Partnerships with regional organizations, the government, and communities, are critical for UN peacekeeping to achieve results, and for those results to be sustainable and long lasting.
Over the last year our UNMISS leadership continued to travel throughout the country to meet local communities, government officials and UN colleagues.
They have seen the harsh struggle of South Sudanese women and men, especially in the villages, compounded by the devastating effects of the floods.
We have witnessed the significant role played by UNMISS and UN partners to alleviate the hardships experienced by millions of people around the country, but we have also seen the incredible resilience of the people of this country.
Ladies and gentlemen,
I would like to pay my respects to the Government and people of the Republic of South Sudan. As your partners in the peace process, we appreciate your support for the work of the UN in South Sudan.
On today’s International Day of UN Peacekeepers, I would like to thank all colleagues; uniformed and civilians, those in more prominent roles as well as backroom staff in less public, less glamorous functions — for your strength, courage, and commitment in standing by this country and its people in their journey from war to peace.
Sadly, some of our colleagues have paid the ultimate price in the line of duty.
I take this opportunity to pay tribute to the 104 peacekeepers who have paid the ultimate price in service of peace since the inception of UNMISS. Their legacy lives on and inspires us.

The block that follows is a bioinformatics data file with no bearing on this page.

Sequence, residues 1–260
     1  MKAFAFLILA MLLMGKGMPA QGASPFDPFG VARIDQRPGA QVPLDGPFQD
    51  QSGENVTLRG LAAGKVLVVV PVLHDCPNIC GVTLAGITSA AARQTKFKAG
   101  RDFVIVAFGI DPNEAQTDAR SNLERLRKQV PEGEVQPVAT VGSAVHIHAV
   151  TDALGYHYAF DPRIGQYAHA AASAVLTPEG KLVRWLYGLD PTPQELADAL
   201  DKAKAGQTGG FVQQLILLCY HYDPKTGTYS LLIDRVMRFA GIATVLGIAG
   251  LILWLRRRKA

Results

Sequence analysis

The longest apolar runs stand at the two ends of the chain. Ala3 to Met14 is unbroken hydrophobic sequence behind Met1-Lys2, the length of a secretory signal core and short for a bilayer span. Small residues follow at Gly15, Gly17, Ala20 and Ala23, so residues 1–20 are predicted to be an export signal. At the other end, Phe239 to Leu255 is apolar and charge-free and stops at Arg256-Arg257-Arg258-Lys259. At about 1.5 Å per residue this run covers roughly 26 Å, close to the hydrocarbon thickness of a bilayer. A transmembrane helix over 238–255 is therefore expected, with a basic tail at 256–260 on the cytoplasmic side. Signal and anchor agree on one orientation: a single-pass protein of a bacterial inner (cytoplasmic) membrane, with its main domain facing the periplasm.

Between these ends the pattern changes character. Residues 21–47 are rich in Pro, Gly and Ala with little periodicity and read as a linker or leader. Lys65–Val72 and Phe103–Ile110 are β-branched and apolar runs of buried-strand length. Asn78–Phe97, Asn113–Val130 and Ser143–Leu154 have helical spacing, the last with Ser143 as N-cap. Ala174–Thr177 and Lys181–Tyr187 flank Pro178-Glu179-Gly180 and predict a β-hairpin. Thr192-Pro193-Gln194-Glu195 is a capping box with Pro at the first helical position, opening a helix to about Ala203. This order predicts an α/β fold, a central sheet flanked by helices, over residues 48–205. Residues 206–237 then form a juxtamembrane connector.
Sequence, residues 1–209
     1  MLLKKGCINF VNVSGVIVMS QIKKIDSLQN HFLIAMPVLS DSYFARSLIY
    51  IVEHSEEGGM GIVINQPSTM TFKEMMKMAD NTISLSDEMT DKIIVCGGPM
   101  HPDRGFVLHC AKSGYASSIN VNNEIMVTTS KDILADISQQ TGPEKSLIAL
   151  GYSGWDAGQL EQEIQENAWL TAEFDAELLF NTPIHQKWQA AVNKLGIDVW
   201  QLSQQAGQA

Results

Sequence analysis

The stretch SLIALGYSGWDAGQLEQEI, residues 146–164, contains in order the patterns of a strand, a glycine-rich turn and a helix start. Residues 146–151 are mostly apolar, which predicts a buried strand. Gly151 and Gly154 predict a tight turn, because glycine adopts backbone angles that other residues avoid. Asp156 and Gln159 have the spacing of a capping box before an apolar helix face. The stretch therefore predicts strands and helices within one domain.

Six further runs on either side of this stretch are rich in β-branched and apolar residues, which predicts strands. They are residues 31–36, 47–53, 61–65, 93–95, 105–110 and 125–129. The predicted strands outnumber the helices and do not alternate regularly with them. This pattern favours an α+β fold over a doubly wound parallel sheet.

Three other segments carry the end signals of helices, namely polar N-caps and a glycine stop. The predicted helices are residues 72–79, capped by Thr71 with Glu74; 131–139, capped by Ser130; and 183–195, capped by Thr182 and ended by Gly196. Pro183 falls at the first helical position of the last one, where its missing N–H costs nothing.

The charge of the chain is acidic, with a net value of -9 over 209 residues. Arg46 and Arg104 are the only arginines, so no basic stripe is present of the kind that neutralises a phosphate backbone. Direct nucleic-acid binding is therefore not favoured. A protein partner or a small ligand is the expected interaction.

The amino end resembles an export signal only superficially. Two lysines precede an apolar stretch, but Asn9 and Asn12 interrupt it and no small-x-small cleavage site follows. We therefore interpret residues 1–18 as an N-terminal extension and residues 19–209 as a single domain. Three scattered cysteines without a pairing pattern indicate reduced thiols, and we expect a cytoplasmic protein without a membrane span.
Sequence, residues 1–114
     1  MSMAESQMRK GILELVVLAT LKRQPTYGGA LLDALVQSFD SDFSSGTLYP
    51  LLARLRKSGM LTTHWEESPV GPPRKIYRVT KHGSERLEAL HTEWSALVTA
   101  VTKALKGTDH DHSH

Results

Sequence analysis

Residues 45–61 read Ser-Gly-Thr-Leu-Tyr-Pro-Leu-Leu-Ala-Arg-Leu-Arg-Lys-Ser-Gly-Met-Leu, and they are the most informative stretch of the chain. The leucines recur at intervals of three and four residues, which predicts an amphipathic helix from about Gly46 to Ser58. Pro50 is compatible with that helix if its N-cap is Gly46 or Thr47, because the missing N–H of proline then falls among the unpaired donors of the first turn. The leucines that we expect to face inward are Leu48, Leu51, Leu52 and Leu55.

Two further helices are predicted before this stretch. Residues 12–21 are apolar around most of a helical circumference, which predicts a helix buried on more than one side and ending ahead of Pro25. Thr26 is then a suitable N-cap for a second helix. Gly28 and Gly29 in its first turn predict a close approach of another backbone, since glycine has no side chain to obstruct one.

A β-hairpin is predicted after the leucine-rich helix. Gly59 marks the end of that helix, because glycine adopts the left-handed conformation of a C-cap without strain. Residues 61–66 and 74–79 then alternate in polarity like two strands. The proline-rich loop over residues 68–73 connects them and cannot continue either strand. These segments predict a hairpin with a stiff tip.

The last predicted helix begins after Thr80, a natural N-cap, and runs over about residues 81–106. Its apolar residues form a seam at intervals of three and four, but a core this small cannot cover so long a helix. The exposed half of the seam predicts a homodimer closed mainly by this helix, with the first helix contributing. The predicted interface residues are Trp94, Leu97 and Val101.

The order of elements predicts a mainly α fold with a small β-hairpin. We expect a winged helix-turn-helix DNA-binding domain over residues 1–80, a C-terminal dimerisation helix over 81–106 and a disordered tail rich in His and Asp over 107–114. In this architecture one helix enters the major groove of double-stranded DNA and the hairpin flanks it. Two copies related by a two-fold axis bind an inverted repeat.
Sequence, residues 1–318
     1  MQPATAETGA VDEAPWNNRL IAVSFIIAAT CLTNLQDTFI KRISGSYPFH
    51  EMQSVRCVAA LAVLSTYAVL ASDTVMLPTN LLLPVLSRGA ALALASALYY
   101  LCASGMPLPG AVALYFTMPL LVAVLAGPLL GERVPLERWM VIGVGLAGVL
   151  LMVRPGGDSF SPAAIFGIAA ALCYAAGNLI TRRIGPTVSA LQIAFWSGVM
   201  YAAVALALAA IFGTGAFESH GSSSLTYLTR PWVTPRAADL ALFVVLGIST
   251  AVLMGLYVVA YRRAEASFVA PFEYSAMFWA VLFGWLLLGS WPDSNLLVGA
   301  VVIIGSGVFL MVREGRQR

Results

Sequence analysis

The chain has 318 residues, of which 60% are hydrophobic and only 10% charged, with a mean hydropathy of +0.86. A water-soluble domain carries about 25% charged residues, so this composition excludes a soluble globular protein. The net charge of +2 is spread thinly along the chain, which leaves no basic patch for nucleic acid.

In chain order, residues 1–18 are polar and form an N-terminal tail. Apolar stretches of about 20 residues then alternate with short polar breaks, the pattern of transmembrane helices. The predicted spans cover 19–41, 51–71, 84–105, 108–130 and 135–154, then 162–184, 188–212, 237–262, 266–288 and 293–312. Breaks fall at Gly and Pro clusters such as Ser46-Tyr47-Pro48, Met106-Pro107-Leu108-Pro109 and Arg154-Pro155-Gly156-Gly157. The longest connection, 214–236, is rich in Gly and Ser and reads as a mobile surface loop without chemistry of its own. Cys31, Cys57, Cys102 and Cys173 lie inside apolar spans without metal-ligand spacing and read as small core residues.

Let me use this opportunity to acknowledge two of our peacekeepers who have received recognition from the Secretary-General this week in UN Headquarters.
First, the commendation letter to Captain Md Mahatab Uddin of Bangladesh, who in November 2021, went above and beyond the call of duty by courageously negotiating with armed groups to prevent attacks on civilians and UN personnel in Tonj.
The second, Major Winnet Zharare from Zimbabwe, who recently completed her assignment in Bentiu, received the 2021 United Nations Military Gender Advocate of the Year Award. She ensured that patrols included women to improve protection efforts and gained the trust of local military commanders who would reach out to her on issues pertaining to women’s protection and rights.
It is my profound hope that in 2022, the people of South Sudan will be able to welcome the sustainable peace they so richly deserve.
I can reassure you that UNMISS remains this country’s steadfast partner as we work collectively to make that hope a reality.